There are adequate religious establishments. The church was built in 1956–58 for Roman Catholic miners who moved from Lanarkshire to work in the more prosperous coalfields of West Fife; the Oakley Parish church is a smaller church for those of Protestant denomination and is used for various activities aimed at all ages. The village is made up of a wide variety of housing with modern schemes in Comrie. There is a pub, The Greyhound Bar, in the centre of the village, a Social Club on the main A907. There is a small industrial estate to the north of the village, providing some employment around the area. To the south lies Inzievar House once visited by Jules Verne, now converted into flats. There is a thriving broad wood industry operated by Scottish Woods in the estate. There were two primary schools situated in Oakley, one Roman Catholic named Holy Name, the other Inzievar primary; however a new building has been built which houses the library and both schools. This building is now Oakley Campus.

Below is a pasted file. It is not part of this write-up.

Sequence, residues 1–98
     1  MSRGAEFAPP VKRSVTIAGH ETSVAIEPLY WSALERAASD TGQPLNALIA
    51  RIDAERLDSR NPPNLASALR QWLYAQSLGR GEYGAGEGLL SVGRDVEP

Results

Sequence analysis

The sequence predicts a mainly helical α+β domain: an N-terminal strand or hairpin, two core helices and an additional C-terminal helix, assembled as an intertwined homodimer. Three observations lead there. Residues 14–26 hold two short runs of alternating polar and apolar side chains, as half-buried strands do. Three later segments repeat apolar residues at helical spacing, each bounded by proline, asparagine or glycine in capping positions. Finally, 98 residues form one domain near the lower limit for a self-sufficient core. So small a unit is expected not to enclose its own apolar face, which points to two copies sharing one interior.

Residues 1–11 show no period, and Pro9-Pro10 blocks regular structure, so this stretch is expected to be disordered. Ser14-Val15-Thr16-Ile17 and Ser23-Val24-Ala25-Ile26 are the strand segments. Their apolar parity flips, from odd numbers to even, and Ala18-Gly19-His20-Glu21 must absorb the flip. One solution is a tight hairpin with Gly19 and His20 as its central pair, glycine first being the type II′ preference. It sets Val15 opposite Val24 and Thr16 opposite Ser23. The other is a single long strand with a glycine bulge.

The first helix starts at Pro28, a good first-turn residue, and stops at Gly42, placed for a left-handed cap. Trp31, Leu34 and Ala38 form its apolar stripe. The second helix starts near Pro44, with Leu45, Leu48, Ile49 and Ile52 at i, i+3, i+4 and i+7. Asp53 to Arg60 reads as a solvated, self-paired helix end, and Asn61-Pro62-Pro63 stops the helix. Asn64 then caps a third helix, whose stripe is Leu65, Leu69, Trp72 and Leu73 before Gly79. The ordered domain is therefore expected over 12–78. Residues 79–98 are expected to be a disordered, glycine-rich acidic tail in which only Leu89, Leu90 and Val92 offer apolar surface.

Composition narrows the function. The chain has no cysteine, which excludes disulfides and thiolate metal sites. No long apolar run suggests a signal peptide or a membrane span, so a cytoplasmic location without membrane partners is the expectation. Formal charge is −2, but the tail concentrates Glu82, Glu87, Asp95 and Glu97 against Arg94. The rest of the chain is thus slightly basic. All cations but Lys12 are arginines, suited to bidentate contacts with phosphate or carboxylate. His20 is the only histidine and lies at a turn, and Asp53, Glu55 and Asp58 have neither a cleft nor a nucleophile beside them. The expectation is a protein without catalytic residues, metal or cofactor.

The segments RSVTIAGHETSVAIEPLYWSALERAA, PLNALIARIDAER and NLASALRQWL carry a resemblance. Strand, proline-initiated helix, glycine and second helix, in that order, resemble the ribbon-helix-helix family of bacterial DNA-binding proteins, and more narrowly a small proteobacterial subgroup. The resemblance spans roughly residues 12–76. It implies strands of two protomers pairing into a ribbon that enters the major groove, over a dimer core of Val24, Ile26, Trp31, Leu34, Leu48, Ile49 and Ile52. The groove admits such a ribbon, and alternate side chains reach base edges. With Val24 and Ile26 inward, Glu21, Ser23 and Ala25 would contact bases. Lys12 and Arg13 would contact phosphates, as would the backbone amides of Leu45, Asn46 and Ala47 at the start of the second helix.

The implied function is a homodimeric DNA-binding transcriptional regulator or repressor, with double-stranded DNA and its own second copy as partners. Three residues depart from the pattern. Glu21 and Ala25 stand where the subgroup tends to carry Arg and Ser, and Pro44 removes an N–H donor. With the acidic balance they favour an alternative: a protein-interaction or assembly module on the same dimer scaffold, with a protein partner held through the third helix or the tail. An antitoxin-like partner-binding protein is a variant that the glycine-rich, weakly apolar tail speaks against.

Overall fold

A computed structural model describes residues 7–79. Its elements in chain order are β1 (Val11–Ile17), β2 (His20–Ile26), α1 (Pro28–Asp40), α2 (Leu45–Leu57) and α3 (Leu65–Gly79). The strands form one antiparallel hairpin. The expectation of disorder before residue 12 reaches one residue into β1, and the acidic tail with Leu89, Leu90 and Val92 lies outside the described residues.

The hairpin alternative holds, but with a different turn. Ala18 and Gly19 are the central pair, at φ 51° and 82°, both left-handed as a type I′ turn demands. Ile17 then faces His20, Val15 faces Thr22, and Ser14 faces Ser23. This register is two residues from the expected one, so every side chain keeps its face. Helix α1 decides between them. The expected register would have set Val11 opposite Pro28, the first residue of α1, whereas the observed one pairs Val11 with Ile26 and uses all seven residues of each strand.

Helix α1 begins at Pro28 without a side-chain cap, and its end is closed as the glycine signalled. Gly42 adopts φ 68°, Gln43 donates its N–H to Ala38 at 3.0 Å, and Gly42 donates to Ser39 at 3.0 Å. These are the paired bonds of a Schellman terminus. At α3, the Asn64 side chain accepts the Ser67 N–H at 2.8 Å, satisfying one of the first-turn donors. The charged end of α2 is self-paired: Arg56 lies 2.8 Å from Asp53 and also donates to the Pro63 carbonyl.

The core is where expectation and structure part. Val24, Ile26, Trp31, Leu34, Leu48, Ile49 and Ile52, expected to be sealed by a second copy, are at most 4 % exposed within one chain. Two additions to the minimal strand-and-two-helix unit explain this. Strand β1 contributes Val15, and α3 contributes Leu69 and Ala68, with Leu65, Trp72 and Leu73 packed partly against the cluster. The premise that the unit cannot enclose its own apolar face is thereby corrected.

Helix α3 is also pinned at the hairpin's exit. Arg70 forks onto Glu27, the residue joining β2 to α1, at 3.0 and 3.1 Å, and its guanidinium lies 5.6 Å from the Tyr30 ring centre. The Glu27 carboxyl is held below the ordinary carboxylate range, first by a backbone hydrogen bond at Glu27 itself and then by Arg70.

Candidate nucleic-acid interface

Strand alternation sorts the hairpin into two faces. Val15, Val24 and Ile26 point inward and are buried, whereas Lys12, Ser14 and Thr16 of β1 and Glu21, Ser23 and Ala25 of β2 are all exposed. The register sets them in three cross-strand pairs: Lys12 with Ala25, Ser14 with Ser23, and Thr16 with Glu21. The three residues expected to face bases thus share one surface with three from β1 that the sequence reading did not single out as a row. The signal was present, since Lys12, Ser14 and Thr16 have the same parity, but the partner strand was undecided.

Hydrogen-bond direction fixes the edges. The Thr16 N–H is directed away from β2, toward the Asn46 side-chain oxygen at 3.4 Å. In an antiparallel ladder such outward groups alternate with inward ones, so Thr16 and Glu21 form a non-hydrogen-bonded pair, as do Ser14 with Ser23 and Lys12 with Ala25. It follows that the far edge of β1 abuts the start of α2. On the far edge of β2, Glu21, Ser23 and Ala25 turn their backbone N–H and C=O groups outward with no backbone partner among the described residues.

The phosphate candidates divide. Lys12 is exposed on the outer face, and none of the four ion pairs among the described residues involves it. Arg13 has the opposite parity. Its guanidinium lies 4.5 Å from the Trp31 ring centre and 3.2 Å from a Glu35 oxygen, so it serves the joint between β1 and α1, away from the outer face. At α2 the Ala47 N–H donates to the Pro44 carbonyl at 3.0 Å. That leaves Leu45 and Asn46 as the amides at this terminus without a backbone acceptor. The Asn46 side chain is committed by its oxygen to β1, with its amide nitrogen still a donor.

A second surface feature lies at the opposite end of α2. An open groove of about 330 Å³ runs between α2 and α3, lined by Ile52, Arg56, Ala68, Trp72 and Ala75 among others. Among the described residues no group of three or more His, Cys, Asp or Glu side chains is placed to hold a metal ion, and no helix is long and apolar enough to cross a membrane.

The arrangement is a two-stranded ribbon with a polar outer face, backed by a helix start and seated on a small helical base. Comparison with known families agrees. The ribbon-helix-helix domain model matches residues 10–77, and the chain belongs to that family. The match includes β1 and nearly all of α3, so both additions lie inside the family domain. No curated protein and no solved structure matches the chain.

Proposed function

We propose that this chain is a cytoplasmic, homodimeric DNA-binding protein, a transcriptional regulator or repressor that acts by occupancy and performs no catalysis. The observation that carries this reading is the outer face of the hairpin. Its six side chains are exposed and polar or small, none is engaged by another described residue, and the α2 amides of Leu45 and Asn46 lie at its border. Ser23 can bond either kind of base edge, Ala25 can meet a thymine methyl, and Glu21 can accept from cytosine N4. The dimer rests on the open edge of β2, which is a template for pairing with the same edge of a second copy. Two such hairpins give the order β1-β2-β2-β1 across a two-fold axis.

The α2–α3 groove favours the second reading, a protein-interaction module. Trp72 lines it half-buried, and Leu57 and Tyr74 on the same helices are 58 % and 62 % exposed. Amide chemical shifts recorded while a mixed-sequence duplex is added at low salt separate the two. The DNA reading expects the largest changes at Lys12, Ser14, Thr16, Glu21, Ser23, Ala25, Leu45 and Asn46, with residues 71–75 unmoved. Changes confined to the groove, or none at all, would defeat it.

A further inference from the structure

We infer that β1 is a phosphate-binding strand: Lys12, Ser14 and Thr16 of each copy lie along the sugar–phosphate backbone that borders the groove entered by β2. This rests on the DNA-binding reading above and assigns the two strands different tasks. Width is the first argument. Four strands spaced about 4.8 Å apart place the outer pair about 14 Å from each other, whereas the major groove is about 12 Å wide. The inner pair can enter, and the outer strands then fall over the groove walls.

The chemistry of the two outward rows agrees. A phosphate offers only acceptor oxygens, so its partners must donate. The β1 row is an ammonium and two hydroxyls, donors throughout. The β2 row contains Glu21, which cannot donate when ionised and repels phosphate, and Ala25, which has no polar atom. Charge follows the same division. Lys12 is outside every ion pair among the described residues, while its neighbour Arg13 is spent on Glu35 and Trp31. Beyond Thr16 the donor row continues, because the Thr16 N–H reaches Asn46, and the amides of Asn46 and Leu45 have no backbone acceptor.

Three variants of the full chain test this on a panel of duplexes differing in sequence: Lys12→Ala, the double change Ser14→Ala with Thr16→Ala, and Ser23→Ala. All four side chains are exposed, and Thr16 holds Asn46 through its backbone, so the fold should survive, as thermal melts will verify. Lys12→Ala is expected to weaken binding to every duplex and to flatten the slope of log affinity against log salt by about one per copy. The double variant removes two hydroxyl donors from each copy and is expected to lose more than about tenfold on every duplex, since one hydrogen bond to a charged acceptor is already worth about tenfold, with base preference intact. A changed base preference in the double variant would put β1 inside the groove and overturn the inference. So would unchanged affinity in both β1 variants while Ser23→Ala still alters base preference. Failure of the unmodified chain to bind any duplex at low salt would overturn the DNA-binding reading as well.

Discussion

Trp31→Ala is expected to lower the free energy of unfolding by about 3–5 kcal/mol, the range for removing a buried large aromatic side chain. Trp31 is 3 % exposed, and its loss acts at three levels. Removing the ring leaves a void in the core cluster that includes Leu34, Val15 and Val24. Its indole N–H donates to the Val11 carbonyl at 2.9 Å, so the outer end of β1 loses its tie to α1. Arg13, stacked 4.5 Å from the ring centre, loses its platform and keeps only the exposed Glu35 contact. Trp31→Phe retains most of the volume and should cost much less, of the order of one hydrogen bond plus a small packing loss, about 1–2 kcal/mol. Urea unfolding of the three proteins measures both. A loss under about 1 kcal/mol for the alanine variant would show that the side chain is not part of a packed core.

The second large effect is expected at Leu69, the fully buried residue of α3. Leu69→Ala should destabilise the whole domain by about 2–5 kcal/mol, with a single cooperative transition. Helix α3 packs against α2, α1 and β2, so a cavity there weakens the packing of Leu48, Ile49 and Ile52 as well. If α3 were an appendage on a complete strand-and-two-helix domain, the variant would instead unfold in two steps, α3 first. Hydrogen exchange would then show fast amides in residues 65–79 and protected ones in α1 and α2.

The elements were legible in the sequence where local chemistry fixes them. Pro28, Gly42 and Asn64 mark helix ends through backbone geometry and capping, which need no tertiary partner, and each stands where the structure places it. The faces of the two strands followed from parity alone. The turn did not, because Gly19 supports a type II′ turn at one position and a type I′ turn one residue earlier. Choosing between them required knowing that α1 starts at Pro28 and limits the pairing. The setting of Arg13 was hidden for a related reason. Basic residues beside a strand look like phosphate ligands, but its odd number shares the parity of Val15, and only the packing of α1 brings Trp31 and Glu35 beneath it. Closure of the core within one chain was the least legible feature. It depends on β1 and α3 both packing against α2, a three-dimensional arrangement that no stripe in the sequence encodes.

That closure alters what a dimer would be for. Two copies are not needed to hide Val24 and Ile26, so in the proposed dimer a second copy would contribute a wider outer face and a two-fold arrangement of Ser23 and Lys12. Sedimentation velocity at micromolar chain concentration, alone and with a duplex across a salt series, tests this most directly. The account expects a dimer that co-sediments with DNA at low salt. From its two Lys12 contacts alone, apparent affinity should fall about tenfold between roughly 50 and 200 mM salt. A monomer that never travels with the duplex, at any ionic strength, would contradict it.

Oakley Health Centre provides a wide and comprehensive programme of health care including a dental surgery, podiatry clinic, physiotherapy clinic, cardiology unit. The library is situated within the Oakley Campus. Information resources including community information and reference materials are available, as is access to the internet. Stagecoach run the services 74, 74a and 74b which run often from the new Dunfermline Bus station from around 5.30am until around 23.45 pm. Fife Place-name Data: Oakley